Thursday, February 26, 2009
According to the New York Times and other sources, part of Obama's plan to pay for his health care initiative involves limiting the availability of itemized deductions for taxpayers with over $250,000 in income (probably we mean adjusted gross income for this purpose, though that detail is still murky). This means that the value of itemized deductions will go down for these taxpayers, and one of those deductions is the charitable contributions deduction.
Many academic studies have concluded that there is considerable elasticity of demand for charitable contributions by the wealthy - or in English, that means that the wealthy in fact respond to tax incentives for donations. If the after-tax cost of charitable giving goes down, the wealthy give more; if it goes up, they give less. Admittedly, these studies vary in predicting the effect of tax changes on charitable giving, and they are all based on statistical analysis and computer modeling from trends observed at times when the economy differed from what we have now. But I think most economists and academics who study the matter would agree that increasing the after-tax cost of donations will have some negative effect on charitable giving, and given the state of our economy and the pressures on charities already, any negative effect may be a bad idea. (Note that there is a counter-argument: some would argue that the tax benefits we give to the wealthy for charitable contributions gives them a disproportionate advantage in shaping the policies of charitable organizations and that in fact tax policy should reduce the tax incentives for giving by the wealthy to avoid having the wealthy monopolize charities).
On a broader note, many tax policy folks (me included) have serious qualms about targeting itemized deductions en masse as a method of raising taxes. At its simplest, I prefer more transparency - if we want to raise taxes on the wealthy (which, by the way, I happen to think is a splendid idea, given that the wealthy have literally made out like bandits from the tax policies of the past 8 years or more and that the distributional inequality of our societal wealth has grown exponentially over that time), then let's just raise the marginal rate, which affects everyone in that tax bracket relatively equally, instead of attacking itemized deductions, which will result in a varied effect depending on how big a given taxpayer's itemized deductions are. For example, if I have $500,000 in adjusted gross income and make a charitable contribution of $100,000, my taxable income after the deduction is $400,000 and I would presumably pay the same amount of tax as someone making $400,000 and making no charitable contributions. If we raise the marginal rate, both of us end up paying more. If we disallow the charitable contributions deduction, then I end up paying more (because my taxable income now rises to $500,000), but the guy making no charitable contributions pays the same. In effect, what we've done is raise the tax rate on just charitable contributions with this strategy. Now if we really think a deduction for charitable contributions is bad public policy to begin with, well, OK . . . then let's just end it. For example, a number of tax policy experts feel that the deduction for home mortgage interest causes us as a society to over-invest in housing (particularly really-big houses), and should be ended. I agree. So fine. Let's end it. But let's not sneak tax increases through the back door without examining the underlying policies for the deductions in the first place. Better to just raise marginal rates.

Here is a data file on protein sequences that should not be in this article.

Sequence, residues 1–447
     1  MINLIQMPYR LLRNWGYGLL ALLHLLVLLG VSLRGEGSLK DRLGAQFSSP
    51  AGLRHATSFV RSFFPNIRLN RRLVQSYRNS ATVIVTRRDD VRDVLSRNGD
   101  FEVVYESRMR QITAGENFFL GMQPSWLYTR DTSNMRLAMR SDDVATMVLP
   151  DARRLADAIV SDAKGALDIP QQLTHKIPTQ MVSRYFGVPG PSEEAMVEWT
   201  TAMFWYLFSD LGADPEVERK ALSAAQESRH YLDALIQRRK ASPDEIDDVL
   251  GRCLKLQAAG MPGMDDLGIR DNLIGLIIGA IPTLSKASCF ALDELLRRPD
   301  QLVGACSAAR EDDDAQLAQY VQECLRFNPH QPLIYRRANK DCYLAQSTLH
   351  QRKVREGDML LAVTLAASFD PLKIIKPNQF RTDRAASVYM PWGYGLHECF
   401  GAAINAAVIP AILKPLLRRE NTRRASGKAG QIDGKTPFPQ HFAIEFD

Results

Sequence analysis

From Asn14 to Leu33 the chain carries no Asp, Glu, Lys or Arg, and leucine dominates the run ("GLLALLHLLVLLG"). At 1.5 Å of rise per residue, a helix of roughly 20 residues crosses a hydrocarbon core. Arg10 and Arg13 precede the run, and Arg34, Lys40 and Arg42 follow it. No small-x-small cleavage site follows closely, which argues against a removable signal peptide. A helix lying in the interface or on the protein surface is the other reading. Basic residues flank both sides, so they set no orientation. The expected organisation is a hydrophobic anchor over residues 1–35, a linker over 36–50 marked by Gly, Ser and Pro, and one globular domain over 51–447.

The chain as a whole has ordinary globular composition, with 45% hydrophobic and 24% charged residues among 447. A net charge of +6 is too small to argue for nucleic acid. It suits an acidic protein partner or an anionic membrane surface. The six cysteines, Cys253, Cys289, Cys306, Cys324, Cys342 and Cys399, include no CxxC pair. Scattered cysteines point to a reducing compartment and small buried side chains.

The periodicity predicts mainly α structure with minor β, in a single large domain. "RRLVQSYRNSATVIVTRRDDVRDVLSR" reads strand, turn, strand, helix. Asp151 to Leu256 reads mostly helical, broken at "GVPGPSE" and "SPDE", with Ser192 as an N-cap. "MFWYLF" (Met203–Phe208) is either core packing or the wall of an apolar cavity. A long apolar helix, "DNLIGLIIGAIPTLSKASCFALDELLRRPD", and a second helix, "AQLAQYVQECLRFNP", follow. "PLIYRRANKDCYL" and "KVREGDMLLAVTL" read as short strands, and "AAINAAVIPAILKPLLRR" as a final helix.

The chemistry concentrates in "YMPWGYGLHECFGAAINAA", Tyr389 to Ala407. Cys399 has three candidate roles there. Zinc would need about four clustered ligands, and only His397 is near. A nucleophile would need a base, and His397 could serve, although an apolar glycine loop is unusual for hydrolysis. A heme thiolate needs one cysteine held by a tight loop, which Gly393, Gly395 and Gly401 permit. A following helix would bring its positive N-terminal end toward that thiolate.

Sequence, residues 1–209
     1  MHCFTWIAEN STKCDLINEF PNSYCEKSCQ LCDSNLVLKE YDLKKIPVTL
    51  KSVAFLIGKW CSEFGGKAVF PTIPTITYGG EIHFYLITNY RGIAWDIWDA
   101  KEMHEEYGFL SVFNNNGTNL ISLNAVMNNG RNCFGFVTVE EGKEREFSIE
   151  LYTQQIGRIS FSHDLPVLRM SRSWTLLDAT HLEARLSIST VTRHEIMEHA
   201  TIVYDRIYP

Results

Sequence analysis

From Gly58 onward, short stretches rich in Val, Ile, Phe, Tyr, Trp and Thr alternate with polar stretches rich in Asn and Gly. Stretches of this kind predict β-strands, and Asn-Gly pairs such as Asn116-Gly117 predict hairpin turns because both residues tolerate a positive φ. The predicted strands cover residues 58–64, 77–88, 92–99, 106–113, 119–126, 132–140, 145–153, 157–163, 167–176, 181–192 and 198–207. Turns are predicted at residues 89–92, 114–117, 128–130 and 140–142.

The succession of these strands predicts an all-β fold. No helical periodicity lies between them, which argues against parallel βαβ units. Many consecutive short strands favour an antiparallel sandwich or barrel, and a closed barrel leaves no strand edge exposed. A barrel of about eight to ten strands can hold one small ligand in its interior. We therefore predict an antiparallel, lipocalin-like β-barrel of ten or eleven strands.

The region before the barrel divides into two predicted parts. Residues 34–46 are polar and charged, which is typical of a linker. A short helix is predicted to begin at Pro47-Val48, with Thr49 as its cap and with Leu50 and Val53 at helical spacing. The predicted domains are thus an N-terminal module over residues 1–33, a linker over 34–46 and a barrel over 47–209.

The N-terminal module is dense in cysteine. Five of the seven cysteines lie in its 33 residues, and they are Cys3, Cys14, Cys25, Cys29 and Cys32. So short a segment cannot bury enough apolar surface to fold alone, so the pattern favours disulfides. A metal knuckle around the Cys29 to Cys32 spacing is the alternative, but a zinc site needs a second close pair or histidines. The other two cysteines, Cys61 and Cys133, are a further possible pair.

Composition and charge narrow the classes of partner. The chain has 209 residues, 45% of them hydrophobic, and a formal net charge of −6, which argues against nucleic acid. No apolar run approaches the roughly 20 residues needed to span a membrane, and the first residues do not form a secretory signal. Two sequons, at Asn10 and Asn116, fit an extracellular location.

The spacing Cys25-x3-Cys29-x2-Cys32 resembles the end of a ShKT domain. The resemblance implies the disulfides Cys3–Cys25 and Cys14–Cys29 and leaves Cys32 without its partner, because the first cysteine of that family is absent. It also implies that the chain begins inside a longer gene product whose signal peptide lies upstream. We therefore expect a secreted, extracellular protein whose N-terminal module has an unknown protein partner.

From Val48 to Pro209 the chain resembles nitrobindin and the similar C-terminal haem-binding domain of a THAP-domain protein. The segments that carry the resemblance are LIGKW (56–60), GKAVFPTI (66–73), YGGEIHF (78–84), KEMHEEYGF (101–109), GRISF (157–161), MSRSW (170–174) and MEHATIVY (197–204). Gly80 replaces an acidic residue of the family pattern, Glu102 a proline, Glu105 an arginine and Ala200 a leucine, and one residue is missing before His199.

(Hat Tip to Harvey Dale)
UPDATE: Politico.com reports that Peter Orszag was asked specifically about the effect of the budget on charitable contributions at today's press briefing, and he opined that people contribute to charities "out of benevolence," not out of desire for a tax write-off. I think this is a bit disingenuous - as I noted above, it may be true that the tax proposals won't have a huge effect on charitable contributions, but to argue that people don't respond to tax incentives on this issue is against the manifest weight of the academic literature.